Cultural projects associated with the First World War Centenary, whether our ‘Les Colombes’ doves or the Poppies at the Tower of London, have demonstrated the power of art to add new dimensions to collective remembrance.
However, whether commissioned for celebratory or commemorative purposes, art in public spaces often produces strong critical and public reactions. Using ten examples of contemporary art in churches, cathedrals and other public spaces, Sandy Nairne will ask why such works might matter to us over the longer term.
Sandy Nairne CBE was Director of the National Portrait Gallery, where his achievements include leading the campaign to acquire Van Dyck's self-portrait. Nairne was previously Director of Programmes at Tate, working alongside Sir Nicholas Serota, in the creation of Tate Modern and the Centenary Development at Tate Britain. He has also worked at the Arts Council of Great Britain, the Institute of Contemporary Arts, and the Museum of Modern Art, Oxford. He is currently Chair of the Fabric Advisory Committee of St Paul's Cathedral and on the Board of Trustees of the National Trust.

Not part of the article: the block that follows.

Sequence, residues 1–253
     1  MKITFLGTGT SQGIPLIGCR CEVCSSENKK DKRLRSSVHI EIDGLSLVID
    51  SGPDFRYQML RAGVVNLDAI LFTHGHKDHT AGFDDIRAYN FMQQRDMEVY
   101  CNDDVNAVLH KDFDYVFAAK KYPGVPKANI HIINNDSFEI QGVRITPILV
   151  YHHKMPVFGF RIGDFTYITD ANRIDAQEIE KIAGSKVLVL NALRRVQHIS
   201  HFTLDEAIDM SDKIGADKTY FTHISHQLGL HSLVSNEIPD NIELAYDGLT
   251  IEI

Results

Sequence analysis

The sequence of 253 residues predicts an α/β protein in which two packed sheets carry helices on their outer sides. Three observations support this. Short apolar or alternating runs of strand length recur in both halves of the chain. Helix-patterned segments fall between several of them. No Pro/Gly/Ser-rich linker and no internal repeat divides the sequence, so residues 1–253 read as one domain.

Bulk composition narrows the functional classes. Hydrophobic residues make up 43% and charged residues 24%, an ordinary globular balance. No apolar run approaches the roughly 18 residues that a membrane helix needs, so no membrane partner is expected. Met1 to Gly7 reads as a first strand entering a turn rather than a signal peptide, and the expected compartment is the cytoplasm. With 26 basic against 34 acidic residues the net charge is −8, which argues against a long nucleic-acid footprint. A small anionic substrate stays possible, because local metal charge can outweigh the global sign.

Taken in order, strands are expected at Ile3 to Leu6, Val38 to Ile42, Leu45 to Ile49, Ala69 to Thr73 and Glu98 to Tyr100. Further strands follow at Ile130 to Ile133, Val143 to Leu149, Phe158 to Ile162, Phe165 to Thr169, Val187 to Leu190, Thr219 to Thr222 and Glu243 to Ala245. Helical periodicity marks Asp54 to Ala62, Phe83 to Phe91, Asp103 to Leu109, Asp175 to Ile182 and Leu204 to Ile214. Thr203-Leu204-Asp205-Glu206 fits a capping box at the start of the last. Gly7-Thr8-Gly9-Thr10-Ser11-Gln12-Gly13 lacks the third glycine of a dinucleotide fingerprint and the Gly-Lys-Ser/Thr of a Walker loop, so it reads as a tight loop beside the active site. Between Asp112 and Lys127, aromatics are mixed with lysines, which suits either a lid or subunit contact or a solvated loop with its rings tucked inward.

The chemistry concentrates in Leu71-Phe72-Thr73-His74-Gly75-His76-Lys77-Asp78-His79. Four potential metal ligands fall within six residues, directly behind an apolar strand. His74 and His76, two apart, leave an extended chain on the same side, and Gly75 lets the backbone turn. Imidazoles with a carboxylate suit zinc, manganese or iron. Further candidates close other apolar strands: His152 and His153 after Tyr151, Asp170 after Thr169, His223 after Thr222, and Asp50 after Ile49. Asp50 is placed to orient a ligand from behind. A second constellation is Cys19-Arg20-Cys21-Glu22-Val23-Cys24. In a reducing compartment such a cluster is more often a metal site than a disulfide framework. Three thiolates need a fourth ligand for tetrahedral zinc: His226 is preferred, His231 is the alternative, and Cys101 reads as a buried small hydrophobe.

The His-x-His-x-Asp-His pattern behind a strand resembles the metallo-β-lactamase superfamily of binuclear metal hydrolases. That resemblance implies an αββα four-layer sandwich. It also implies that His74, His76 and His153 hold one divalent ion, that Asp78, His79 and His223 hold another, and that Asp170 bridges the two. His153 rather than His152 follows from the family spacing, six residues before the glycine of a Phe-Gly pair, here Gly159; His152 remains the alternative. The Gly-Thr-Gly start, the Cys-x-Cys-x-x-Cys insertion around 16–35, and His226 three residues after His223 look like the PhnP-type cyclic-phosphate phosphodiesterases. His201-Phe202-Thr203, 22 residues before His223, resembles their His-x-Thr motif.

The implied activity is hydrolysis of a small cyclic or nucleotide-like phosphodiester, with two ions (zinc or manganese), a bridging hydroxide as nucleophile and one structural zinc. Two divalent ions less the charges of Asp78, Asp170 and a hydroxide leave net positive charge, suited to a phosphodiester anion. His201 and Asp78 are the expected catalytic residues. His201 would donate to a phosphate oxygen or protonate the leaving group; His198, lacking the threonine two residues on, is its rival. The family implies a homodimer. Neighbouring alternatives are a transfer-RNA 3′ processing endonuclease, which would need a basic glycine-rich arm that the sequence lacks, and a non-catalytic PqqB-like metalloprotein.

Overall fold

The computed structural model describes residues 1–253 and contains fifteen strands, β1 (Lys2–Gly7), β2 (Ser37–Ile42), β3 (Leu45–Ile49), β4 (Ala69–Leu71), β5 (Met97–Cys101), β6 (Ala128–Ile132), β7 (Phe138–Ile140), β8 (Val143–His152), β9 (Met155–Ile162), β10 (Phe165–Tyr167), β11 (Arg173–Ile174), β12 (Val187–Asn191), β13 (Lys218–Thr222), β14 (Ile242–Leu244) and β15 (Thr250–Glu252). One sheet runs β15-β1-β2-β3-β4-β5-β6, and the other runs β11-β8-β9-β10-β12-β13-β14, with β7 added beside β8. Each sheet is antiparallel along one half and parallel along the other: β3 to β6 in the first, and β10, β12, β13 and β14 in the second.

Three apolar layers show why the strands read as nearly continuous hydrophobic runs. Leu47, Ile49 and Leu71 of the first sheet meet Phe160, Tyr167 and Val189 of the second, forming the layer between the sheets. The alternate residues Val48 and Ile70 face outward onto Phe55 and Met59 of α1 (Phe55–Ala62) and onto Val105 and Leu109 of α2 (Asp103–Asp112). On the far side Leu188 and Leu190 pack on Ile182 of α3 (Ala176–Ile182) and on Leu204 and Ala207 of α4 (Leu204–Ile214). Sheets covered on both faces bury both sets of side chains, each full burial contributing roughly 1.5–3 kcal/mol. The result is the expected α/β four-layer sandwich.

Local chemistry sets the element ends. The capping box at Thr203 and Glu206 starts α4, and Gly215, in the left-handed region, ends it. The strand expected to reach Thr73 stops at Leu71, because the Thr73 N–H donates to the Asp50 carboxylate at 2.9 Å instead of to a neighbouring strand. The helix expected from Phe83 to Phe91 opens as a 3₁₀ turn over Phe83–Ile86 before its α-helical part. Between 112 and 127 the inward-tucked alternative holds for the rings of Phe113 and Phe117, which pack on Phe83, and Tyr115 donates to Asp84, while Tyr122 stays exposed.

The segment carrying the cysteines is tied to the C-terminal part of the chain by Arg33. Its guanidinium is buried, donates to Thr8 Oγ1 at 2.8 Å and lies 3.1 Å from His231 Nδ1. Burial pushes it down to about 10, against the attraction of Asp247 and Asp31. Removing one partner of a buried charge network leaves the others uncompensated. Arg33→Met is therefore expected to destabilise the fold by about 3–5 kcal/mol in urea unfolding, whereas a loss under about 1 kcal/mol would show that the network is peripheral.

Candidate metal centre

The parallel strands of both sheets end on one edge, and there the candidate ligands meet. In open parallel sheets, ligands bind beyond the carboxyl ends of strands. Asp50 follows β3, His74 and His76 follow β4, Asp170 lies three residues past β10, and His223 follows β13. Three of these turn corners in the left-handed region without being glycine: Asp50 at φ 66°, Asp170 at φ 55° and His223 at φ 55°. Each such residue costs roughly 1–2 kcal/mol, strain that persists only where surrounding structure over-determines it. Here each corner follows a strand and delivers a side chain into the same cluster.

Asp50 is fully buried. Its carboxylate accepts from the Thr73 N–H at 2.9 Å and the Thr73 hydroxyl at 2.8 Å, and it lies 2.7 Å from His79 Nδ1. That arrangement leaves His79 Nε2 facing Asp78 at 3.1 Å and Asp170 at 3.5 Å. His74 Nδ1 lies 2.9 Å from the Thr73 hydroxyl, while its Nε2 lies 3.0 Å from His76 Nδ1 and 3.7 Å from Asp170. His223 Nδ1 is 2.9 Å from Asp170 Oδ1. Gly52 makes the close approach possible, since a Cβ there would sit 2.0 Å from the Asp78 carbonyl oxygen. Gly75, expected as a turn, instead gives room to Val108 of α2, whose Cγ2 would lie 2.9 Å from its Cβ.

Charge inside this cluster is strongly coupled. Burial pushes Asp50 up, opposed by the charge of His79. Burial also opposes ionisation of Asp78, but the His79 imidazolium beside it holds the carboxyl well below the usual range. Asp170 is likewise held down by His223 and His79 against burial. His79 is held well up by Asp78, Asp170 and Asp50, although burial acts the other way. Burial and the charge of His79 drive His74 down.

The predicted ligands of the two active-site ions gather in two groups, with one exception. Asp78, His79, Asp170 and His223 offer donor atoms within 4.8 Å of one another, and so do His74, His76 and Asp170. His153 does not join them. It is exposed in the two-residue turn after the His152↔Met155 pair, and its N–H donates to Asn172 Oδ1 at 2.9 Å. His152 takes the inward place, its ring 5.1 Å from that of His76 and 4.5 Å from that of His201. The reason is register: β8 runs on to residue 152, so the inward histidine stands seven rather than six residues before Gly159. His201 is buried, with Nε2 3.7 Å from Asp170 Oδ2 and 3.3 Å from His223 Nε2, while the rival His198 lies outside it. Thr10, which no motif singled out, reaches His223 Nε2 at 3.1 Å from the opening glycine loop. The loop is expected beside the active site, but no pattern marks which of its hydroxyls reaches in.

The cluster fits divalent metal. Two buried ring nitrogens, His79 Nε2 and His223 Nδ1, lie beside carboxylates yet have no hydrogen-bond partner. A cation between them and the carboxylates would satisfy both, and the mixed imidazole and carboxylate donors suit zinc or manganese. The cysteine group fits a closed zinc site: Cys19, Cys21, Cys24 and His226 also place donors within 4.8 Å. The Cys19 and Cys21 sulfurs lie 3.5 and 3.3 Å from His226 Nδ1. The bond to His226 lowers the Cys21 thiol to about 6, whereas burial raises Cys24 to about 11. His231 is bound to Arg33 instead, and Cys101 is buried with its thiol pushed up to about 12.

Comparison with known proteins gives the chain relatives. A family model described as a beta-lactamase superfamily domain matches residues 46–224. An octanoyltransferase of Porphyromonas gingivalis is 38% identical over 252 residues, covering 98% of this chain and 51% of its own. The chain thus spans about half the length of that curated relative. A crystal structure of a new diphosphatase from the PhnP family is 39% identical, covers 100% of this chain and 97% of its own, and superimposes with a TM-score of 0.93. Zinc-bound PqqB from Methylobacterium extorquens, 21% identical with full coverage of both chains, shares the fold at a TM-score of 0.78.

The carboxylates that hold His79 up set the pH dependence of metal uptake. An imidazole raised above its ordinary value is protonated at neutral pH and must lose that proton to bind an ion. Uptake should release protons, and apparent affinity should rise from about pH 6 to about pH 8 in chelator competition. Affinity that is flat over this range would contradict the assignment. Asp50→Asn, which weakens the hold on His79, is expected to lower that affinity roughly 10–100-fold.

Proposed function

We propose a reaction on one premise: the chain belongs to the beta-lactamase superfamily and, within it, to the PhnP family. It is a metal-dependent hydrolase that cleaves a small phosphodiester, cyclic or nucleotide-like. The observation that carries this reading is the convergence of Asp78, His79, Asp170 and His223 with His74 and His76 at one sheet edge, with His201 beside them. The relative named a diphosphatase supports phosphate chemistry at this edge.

Image courtesy of Eamonn McCabe
This talk will be followed by a drinks reception.
Tickets £10.00, please click on 'Book this Event' at the top of this page.